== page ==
Featured Research

from universities, journals, and other organizations

Sleep Deprivation Used To Diagnose Sleepwalking

Date:
March 21, 2008
Source:
Wiley-Blackwell
Summary:
A new study found that sleep deprivation can precipitate sleepwalking in predisposed individuals and can therefore serve as a valuable tool in diagnosing this disorder. Somnambulism (sleepwalking), which usually involves misperception and unresponsiveness to the environment, mental confusion and amnesia about sleepwalking episodes, affects up to 4 percent of adults.

Somnambulism (sleepwalking), which usually involves misperception and unresponsiveness to the environment, mental confusion and amnesia about sleepwalking episodes, affects up to 4 percent of adults. There has been a sharp rise in the number of studies relating sleepwalking to aggressive and injurious behaviors, including homicides, but unlike most sleep disorders, sleepwalking is diagnosed on the basis of the patient's clinical history, since there is no proven method of confirming the diagnosis.

Although clinical reports have suggested that sleep deprivation can lead to sleepwalking in predisposed patients, small studies using this method in the laboratory have yielded mixed results. A new, larger study found that sleep deprivation can precipitate sleepwalking in predisposed individuals and can therefore serve as a valuable tool in diagnosing this disorder.

Led by Antonio Zadra of the Universitι de Montrιal, in Quebec, Canada, the study included 40 patients referred to a sleep disorder clinic for suspected sleepwalking between August 2003 and March 2007. All patients were examined and underwent one night of baseline sleep recording in the lab. The next day they went about their regular daytime activities, after which they returned to the lab in the evening, where they were constantly supervised to ensure they did not fall asleep.

Recovery sleep took place the next morning, following 25 hours of wakefulness calculated from when they had awakened the previous morning. All patients were videotaped during each sleep period and the authors evaluated behavioral movements which ranged from playing with the bed sheets to getting up from the bed, to determine if they were sleepwalking episodes. They also scored the complexity of each episode on a 3-point scale.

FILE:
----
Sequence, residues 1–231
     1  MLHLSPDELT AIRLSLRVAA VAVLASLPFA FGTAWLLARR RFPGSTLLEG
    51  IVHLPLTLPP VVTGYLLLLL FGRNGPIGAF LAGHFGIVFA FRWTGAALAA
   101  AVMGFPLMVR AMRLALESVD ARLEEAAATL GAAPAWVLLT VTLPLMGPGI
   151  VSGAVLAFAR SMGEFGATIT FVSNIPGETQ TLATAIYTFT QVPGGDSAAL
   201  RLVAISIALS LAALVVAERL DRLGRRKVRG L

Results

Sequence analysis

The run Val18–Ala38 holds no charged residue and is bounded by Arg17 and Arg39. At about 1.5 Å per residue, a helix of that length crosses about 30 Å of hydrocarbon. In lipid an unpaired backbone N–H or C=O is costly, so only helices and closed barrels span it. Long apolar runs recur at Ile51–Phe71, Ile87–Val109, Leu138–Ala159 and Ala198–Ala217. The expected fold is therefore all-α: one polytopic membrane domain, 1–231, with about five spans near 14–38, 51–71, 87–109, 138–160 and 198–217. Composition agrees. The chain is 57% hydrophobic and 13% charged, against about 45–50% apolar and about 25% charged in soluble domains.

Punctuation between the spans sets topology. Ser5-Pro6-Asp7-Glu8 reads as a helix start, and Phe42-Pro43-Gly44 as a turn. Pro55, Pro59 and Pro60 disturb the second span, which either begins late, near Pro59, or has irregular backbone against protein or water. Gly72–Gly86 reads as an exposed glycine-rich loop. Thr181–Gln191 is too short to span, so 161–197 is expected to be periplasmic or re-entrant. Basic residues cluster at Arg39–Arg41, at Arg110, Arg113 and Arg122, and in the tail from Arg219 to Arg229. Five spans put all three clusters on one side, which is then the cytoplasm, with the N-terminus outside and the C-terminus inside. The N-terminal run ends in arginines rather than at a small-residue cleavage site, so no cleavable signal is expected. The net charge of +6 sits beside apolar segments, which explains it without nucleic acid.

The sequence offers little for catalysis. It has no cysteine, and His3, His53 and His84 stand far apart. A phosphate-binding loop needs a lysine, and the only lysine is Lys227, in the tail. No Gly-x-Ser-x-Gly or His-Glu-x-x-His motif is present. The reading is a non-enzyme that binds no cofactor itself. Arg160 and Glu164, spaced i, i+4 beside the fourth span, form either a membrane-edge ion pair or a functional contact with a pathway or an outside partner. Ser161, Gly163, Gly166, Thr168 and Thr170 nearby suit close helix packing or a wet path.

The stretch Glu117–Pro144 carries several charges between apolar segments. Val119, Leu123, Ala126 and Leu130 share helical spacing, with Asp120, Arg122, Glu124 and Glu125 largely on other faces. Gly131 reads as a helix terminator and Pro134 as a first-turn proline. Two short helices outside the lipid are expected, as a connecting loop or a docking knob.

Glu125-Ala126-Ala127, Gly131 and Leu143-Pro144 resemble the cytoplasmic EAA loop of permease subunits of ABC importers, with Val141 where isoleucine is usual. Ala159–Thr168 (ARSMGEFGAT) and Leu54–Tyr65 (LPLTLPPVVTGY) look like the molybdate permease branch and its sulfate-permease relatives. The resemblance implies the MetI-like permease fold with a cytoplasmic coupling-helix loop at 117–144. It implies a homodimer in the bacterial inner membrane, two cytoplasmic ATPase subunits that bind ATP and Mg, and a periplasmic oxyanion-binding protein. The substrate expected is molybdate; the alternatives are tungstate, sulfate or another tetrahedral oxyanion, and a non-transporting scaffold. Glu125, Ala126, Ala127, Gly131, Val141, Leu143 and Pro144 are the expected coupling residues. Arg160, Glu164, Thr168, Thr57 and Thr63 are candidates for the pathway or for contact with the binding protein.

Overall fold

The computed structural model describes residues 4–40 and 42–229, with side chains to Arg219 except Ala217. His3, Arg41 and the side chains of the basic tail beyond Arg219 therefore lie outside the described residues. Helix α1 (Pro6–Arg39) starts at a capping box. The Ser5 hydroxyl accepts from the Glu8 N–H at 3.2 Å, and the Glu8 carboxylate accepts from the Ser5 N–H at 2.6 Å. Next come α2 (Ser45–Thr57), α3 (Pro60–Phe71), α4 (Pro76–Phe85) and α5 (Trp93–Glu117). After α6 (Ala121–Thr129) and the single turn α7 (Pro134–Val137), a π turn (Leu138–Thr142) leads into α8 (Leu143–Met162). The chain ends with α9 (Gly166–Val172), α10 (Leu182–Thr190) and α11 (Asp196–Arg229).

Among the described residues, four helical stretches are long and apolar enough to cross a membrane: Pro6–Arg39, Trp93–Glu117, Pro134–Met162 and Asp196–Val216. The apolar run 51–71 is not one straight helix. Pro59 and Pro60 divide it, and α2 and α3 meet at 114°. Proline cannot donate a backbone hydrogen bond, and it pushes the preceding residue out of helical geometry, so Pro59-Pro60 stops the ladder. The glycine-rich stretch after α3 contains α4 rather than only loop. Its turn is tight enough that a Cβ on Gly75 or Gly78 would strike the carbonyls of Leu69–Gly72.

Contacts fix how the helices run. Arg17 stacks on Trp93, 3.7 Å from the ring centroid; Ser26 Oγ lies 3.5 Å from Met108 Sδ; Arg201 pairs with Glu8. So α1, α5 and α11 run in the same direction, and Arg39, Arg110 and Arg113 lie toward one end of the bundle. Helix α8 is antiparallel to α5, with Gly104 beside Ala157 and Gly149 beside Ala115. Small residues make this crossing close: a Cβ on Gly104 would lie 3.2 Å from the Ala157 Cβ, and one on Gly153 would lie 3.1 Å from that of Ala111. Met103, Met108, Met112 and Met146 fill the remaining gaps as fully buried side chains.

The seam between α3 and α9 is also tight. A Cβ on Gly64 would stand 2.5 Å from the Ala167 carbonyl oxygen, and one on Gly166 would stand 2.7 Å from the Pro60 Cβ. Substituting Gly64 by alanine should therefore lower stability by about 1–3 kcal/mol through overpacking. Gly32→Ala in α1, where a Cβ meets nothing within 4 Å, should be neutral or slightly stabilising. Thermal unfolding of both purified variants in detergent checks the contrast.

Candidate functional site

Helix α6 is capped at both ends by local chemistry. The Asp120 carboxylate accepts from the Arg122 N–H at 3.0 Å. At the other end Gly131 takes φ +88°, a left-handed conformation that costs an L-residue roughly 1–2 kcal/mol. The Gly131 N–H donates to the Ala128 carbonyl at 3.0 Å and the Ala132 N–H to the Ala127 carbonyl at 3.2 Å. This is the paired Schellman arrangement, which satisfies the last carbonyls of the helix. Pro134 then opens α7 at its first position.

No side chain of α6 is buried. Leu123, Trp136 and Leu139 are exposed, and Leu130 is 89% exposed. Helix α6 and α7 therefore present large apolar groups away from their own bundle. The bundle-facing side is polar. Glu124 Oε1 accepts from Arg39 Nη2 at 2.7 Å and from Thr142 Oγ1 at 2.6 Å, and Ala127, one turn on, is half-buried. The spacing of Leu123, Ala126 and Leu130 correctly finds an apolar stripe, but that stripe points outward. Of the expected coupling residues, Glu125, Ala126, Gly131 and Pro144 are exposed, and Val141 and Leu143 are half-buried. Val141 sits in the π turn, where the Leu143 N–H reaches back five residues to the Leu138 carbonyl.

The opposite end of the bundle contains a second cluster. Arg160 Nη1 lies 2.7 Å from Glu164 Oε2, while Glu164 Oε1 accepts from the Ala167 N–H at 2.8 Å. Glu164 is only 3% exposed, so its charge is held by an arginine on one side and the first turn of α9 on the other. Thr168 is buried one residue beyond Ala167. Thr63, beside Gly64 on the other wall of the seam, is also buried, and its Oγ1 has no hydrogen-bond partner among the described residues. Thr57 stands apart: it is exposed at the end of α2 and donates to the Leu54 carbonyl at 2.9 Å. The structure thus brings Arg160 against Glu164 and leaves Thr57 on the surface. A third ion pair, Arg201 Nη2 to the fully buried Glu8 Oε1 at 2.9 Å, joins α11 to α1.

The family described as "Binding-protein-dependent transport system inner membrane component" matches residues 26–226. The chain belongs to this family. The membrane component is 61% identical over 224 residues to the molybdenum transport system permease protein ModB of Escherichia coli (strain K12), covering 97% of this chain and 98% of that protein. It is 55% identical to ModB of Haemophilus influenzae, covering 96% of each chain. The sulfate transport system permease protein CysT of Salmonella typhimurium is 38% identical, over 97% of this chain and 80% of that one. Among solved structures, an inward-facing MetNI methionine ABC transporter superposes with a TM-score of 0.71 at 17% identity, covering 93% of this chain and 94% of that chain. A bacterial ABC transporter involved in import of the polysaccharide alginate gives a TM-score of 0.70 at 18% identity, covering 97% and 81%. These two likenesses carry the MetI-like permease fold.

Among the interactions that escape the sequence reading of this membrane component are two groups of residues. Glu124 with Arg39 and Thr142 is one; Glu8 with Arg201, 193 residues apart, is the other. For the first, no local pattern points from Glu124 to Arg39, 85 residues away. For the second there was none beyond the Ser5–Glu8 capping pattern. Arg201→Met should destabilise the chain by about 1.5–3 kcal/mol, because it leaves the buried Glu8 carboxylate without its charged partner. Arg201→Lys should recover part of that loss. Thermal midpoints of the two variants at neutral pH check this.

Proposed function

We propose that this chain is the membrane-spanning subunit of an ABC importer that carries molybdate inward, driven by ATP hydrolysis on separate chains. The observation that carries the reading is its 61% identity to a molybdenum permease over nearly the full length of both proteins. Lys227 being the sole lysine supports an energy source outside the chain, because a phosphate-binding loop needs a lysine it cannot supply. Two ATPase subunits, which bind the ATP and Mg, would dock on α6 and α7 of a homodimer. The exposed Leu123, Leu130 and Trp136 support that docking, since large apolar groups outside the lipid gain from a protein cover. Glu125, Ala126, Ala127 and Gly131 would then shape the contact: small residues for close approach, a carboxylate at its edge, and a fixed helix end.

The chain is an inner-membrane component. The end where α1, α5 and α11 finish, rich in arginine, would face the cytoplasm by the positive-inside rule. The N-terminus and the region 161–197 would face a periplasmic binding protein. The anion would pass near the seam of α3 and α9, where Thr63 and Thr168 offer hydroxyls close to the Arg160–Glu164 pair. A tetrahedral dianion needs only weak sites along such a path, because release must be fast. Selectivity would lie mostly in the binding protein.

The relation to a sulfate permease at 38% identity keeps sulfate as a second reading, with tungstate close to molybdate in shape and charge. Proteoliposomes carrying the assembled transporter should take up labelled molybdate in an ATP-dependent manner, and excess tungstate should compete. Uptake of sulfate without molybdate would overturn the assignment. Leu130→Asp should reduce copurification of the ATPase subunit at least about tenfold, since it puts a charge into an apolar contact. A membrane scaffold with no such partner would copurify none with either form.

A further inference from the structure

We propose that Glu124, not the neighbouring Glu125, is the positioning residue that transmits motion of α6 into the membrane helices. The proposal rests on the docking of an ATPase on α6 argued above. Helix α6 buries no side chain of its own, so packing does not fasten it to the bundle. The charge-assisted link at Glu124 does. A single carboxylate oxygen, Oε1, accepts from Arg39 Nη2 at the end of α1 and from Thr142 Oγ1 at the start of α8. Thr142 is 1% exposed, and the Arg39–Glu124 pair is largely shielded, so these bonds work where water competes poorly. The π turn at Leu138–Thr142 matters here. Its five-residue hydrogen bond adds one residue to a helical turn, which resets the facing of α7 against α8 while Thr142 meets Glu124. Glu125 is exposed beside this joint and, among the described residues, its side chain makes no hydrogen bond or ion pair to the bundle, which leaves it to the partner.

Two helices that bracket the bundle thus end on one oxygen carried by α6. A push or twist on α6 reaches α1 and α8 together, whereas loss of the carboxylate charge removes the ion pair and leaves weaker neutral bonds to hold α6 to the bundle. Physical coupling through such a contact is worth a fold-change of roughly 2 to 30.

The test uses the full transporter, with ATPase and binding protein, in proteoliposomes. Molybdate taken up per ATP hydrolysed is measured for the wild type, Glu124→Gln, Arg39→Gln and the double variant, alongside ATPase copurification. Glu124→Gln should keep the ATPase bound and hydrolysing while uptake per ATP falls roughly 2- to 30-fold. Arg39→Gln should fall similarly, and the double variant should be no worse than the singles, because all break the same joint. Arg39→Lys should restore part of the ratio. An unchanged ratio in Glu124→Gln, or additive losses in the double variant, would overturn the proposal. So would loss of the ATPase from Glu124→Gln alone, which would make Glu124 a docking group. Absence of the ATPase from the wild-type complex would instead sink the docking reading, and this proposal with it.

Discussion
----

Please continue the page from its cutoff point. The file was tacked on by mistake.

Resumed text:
The results showed that while 32 behavioral episodes were recorded from 20 sleepwalkers (50%) during baseline sleep, 92 episodes were recorded from 36 patients (90%) during recovery sleep. Sleep deprivation also significantly increased the proportion of sleepwalkers experiencing at least one complex episode. "By yielding a greater number of episodes with a wider range of complexity, sleep deprivation can facilitate the video-polysomnographically-based diagnosis of somnambulism and its differentiation from other disorders," the authors state.

Sleepwalkers are thought to suffer from an inability to sustain stable slow-wave sleep (stage 3 and 4 sleep) and the study found that these patients had increased difficulty passing from slow-wave sleep to another sleep stage or arousal following sleep deprivation, which supports this view. It is also consistent with observations that other factors that deepen sleep, such as young age or fever, may help trigger sleepwalking in predisposed individuals.

The authors caution that observing behavioral events in the sleep lab following sleep deprivation is not always sufficient to confirm a diagnosis of sleepwalking in a medical-legal context. However, they note that: "Used as a diagnostic tool, sleep deprivation shows a high sensitivity for somnambulism and may be clinically useful with a wider range of somnambulistic patients than previously reported." They conclude that the study supports recommending that sleepwalkers maintain a regular sleep schedule and avoid sleep deprivation.